RADAR: Kate Andrews

„Unfeigned Hoax, Veritable Nonsense“

 

24. October 2020 – 17. January 2021

Openingday

Saturday, October 24th from 11am to 7pm
(simultaneous to the opening of Camilla Steinum "symptom, sympathy" at Westfälischer Kunstverein)

VenueGalerie der Gegenwart
Access via Westfälischen Kunstverein, Rothenburg 30,
48143 Münster
Opening Hours       

Tuesday-Sunday, 11 am-7 pm / 

 

Admissionfree

 

 

For the 16th edition of the RADAR project series, Kate Andrews has installed large
and small-format drawings as well as a net made from ropes. The title of her exhibition
– “Unfeigned Hoax, Veritable Nonsense” – describes a state of affairs we encounter
daily, especially in the media. It can be understood as a double-edged and at times
precarious formulation. In the light of this title, Andrews is instigating a visual
examination of the difference between facts and the sheer volume of information that
we are deluged with on a daily basis.


In her drawings, Andrews transfers the flows of information onto paper by means of an
accretion of various characters, such as circles, strokes or marks with the letter X.
Defined by its format, the pictorial surface becomes increasingly dense via the addition
of each trace, emphasising certain elements or concealing ordering structures. By
causing confusion and perplexity, Andrews’ drawings demonstrate the inability to form
a clear idea of reality. The surface, in a similar way to virtual information sites, thus
becomes a platform for deception and agitation. The superimposed layers of pencil
marks condense and intensify the pictorial information, making it all the more confusing
and unclear. We “see” a lot, but recognise little.


Whereas the large-format drawings are complex and obscure in their structure, the
smaller drawings in the “Soft Split” series are framed by pale pink adhesive strips,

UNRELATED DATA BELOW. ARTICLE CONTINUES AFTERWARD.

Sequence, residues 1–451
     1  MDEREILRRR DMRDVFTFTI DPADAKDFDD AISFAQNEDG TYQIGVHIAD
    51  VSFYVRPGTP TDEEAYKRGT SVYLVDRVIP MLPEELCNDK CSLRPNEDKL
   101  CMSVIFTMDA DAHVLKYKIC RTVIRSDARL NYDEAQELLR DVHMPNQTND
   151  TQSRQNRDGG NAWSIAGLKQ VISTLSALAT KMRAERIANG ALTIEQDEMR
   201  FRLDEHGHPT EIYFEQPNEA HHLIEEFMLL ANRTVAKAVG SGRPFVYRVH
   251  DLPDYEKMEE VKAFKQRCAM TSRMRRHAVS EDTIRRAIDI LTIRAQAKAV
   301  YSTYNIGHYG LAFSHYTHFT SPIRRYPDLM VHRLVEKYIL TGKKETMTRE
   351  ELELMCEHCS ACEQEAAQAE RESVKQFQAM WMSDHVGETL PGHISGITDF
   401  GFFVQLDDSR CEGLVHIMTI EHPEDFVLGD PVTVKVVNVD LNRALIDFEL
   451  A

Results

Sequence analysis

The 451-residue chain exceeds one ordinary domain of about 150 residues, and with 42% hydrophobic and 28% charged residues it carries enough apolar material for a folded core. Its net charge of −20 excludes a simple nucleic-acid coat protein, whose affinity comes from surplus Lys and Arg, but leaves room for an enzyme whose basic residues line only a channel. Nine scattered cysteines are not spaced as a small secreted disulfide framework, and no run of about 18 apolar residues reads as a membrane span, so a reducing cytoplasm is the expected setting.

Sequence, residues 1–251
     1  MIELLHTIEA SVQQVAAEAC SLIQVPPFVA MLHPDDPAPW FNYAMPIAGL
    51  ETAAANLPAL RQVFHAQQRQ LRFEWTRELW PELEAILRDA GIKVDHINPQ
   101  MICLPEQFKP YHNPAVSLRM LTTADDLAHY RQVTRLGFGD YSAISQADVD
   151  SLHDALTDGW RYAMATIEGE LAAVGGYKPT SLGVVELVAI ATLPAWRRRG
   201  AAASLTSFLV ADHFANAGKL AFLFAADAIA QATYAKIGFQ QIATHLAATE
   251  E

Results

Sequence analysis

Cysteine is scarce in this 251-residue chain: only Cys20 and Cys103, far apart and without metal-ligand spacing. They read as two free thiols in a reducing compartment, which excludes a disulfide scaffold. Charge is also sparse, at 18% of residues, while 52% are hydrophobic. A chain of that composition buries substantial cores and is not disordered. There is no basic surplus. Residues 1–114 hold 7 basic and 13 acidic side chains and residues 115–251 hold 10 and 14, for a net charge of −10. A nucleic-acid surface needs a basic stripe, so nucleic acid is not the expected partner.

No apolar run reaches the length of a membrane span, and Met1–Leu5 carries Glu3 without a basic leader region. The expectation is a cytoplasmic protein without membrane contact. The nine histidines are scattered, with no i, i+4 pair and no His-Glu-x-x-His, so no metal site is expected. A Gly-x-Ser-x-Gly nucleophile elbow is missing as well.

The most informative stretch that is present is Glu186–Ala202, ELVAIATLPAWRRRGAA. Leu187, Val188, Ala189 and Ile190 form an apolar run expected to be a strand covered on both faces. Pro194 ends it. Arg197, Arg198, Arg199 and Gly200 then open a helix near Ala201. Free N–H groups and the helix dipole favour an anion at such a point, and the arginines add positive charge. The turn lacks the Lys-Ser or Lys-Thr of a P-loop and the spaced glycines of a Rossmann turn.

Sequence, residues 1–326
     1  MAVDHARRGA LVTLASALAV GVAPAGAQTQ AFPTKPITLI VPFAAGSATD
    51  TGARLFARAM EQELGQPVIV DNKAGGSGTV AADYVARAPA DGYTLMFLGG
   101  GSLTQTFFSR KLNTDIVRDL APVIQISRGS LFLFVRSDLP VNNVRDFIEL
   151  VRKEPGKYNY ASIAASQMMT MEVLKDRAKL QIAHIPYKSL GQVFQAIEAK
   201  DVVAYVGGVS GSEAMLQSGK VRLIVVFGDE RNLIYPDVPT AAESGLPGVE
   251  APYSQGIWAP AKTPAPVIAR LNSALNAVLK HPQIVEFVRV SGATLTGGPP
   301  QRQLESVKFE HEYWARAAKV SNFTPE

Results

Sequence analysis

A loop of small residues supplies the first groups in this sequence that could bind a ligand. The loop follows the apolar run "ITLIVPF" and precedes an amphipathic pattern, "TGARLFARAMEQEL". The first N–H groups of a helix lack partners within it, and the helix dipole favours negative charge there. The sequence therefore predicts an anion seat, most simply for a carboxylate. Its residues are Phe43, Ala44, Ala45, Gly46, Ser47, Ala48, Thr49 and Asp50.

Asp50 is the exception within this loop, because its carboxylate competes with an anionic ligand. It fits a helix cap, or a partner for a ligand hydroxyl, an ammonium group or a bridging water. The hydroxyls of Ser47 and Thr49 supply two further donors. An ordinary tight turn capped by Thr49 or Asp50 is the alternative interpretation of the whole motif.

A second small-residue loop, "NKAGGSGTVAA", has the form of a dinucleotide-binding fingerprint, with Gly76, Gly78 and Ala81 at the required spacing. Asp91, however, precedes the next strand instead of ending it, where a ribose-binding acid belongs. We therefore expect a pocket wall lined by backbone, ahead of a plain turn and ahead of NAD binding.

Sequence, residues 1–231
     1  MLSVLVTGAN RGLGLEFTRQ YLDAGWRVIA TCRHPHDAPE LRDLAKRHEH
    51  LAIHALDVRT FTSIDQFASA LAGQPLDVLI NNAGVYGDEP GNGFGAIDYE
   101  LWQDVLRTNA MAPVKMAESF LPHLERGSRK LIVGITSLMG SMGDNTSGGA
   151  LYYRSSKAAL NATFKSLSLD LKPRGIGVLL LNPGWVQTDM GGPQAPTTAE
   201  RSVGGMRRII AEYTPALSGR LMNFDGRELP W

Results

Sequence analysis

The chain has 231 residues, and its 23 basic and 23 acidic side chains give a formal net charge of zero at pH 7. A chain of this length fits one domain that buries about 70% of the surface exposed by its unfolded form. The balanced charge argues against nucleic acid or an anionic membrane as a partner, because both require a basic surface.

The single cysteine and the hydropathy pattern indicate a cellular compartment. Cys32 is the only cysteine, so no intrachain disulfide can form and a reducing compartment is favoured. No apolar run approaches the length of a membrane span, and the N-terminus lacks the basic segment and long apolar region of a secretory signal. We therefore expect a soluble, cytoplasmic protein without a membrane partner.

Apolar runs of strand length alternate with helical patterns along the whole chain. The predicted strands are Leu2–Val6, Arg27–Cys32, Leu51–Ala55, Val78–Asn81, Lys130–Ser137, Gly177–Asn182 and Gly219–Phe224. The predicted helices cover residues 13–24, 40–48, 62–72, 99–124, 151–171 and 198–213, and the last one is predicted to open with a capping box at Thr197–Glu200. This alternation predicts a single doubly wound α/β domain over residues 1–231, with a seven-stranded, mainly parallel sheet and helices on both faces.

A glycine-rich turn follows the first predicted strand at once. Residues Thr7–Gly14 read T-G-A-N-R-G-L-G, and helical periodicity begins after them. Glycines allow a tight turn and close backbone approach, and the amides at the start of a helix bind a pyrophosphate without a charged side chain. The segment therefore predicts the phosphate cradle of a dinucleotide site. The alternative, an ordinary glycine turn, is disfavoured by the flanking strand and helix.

which enclose a concentrated pictorial element at the centre of the paper. By applying
a second, thinner sheet of paper, Andrews layers the motifs on top of one another in
such a way that – even physically – they resemble an accumulation of data. In the
course of this process, she first retraces the markings beneath, subsequently
displacing them slightly. This engenders a degree of dissonance, clarity gives way to
the inability to distinguish individual facts or pictorial elements from one another.
Displacement goes hand in hand with blurring.


However, Andrews also brings the lower layers to the surface with this method and
allows them to diffuse and shine through via the material properties of the transparent
tracing paper. This gives rise to dense networks, which Andrews renders palpably in
the form of a knotted net. By means of the net, the sign becomes the signified, word
and image coalesce. In tandem with the drawings on the walls, Andrews has installed
the net, which hangs from the ceiling, as an object in the exhibition space. She has
painstakingly knotted it together by hand using ropes of varying grades and thickness.
By virtue of this technique, she pays decided homage to the idea of deceleration,
thereby creating a counter-image to the fast-moving flood of information. Thus,
Andrews also raises a network of questions that we would need to study closely to
ascertain whether we are still able to follow the individual skeins and narratives or
whether we are indeed “entangled” in the web.


Kate Andrews (b. 1992 in Toronto) studied fine art with Professor Stephan Baumkötter
at the Hochschule für Künste in Bremen from 2016 until 2020. Prior to that, she studied
at Concordia University, Montreal and at the University of Guelph, Ontario, where she
obtained a BA in Major Studio Art. She lives and works in Bremen.

Photos: LWL/Hanna Neander

 

 


Artist Talk

Saturday, 21. November 2020 at 14 pm

Kate Andrews in conversation with the curators Jenni Henke, Kristina Scepanski and Marianne Wagner. An informal registration is requested: info@westfaelischer-kunstverein.de

 


RADAR is an exhibition format devised by the LWL-Museum für Kunst und Kultur and Westfälischer Kunstverein. Its aim is to showcase young, less well-known artists whose striking work puts them on the "radar". The works on show provide a glimpse into the work currently being undertaken by the featured artists.

 

 

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